The Shadow of the Door Part 2

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Status: Finished  |  Genre: Humor  |  House: Booksie Classic

Part 2 of The Shadow of the Door - originally in one piece, had uploaded without the ending. Sorry to anyone who read it in its truncated form.

Jim’s memory bus came to a halt, and back in Shadowland

he looked round for the girl and found his shadow’s outstretched hand

“You may as well resign yourself, you’re here forever now.”

Jim’s shadow grinned and said to him, “Forget that stupid cow.”


Jim thought awhile and stared into the fearful groaning woods

where darkness crept, and nothing slept, unless it slept for good

“I’ll make a deal,” he said at last, “there’s two things I require.”

The shadow laughed and jumped for joy: “Whatever you desire!”


“First fetch for me a turnip, round on top, flat underneath

Then bring your finest ferret, but take care it’s got no teeth.”

“A turnip and a ferret? What on earth d’you want them for?”

“It’s not for you to reason why,” Jim said, then asked for more:


“And while you’re at it, dog breath…” for the shadow’s breath did smell

“…some chimp and chocolate-chip ice cream would go down very well.”

The shadow frowned but sauntered off, and in a trice was back

clutching in his evil hand a dusty squirming sack

Jim took the sack and felt inside, then gave a mighty shout -

the ferret still possessed some teeth, as Jim had just found out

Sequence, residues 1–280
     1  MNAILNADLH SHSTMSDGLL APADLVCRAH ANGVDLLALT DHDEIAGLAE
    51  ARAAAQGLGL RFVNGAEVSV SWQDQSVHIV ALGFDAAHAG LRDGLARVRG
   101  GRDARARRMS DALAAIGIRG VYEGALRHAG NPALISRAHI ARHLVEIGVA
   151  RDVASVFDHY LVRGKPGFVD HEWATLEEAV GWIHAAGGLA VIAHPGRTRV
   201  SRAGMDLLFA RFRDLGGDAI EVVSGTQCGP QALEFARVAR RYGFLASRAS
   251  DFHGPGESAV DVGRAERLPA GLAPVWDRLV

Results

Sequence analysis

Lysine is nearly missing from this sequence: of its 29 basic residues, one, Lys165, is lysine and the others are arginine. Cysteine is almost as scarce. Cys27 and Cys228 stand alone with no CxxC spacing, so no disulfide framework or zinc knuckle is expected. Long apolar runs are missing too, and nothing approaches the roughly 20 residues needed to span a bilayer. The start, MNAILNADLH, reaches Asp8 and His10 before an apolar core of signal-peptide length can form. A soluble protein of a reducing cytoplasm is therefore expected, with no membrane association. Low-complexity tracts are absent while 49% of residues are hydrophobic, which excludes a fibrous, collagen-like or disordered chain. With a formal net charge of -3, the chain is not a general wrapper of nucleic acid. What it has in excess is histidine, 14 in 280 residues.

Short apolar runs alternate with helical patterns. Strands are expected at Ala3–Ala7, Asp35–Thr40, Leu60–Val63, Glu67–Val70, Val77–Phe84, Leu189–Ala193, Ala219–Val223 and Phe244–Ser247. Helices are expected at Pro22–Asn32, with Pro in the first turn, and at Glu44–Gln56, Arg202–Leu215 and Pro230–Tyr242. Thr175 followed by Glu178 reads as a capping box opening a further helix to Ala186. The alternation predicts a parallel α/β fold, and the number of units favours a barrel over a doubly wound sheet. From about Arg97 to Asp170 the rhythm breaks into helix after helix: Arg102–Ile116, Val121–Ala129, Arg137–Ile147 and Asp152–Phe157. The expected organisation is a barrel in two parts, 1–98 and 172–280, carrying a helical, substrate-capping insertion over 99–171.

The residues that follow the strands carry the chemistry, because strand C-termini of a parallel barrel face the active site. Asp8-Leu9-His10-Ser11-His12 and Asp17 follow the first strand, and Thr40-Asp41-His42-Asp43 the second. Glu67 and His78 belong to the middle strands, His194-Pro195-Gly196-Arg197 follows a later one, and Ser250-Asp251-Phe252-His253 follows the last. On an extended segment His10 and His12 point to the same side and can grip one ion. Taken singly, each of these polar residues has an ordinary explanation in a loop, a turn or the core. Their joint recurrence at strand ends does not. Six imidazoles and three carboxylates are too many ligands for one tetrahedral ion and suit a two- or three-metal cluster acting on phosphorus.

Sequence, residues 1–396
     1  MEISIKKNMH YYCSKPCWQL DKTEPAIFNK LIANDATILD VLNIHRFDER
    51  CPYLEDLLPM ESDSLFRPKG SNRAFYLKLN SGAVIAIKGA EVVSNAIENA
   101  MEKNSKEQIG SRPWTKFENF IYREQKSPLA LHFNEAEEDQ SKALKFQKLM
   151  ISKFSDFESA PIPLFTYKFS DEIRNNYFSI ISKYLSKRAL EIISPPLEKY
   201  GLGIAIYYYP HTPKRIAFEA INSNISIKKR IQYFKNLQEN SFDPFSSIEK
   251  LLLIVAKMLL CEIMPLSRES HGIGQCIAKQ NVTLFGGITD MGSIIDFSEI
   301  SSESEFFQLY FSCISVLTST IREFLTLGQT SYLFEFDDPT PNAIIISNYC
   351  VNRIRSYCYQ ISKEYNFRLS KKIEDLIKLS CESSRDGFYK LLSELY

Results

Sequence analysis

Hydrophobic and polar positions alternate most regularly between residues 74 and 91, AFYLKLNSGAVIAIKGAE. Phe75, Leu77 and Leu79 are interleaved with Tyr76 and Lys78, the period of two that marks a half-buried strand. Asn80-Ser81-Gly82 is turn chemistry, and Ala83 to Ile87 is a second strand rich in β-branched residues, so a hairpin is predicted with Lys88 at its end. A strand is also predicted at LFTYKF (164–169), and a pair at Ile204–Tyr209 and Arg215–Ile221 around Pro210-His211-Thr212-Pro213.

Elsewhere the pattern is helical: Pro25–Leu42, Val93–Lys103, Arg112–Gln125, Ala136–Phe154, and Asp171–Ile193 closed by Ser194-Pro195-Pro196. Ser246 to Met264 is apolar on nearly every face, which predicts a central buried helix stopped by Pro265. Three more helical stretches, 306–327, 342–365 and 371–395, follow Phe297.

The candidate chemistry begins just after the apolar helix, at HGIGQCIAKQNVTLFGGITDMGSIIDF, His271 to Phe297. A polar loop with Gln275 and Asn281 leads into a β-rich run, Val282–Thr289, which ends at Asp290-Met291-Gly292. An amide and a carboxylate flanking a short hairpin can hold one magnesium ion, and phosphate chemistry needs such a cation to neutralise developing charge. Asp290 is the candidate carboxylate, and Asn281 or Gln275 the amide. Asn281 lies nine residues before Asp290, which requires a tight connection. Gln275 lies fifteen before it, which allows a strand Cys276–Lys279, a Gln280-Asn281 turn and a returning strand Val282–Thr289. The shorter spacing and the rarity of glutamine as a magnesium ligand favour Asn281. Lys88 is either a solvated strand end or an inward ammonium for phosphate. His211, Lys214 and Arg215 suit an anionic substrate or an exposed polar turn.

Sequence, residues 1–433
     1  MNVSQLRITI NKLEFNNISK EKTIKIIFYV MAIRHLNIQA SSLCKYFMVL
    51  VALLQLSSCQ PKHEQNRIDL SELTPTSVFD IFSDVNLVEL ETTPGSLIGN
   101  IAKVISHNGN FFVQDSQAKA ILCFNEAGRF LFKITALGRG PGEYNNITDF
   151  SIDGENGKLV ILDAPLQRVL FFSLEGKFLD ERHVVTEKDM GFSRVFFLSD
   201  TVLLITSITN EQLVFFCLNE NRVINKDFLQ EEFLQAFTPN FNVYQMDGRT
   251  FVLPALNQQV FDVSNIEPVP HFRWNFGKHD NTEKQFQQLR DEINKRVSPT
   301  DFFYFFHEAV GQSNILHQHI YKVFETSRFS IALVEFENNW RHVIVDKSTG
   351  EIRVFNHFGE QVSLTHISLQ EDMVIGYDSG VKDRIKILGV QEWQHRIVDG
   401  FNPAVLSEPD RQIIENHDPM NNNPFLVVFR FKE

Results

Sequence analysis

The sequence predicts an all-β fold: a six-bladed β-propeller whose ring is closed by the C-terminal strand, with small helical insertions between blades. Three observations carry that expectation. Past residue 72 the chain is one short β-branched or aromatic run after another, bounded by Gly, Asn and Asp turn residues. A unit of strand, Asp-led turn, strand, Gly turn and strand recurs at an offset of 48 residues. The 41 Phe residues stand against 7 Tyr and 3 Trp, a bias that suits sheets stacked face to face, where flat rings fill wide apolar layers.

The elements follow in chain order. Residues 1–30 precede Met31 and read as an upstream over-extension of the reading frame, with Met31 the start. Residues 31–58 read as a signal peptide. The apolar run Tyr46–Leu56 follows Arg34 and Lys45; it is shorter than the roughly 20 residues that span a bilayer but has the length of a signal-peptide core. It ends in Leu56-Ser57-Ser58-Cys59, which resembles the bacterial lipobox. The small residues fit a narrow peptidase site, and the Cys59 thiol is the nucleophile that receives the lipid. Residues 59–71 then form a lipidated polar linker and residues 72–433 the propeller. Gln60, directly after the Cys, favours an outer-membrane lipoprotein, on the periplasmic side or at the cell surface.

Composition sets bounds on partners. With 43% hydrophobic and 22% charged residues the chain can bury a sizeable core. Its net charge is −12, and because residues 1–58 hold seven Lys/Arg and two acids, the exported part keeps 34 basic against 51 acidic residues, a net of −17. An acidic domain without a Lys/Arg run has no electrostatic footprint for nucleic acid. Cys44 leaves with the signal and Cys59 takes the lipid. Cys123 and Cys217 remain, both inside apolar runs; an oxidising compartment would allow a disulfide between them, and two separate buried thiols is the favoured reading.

“You great fat sweating heap of stink!” Jim cried and sucked his thumb

“you’ve brought a vampire turnip, or that ferret’s got sharp gums!

Now sort it out and make it quick, I’m getting really tired.”

The shadow winked, and in a blink, produced a pair of pliers


Jim plugged his ears and didn’t watch the gruesome operation

Which, incidentally, didn’t fill the ferret with elation

But soon the beast was toothless, lying dazed and in a dream

so Jimmy stuffed it down his pants and fed it some ice cream


Then turnip on his shoulder, secret whistle on his lips

toothless ferret down his trousers, he began the magic steps


He danced and danced and danced and danced

and then he danced some more

And then he stopped…

…and then he did

the dance he’d done before


And when the dance was over, he did the dance again

He did the dance until his feet were crying out in pain


Within an hour or several, sinking weary to the ground

to Jim’s ears came creeping strange and unfamiliar sounds

A tinny drum and clatter, a slurping, grunting groan

then howling wind raged round them and they knew they weren’t alone

A monstrous shadow crossed their path, the earth began to quake

all teeth began to chatter, all knees began to shake

The ground beneath them shuddered under massive pounding feet

Jim’s shadow wept and cried out, “Don’t eat me, I’ve got no meat!

Little Jim is soft and juicy, he’s a crunchy little snack

Please don’t eat me Mister Giant, I’ve just had a heart attack.”


And as it wriggled on the floor, pretending to be ill

an awesome sight came into view - a throbbing heap of swill.

A heaving, dripping mound of muck, of steaming stinking dregs

a snorting slimy stink of yeuck - a Bogeyman, on legs


It blundered here, it staggered there, destroying as it went

and all the while it left behind a sweet decaying scent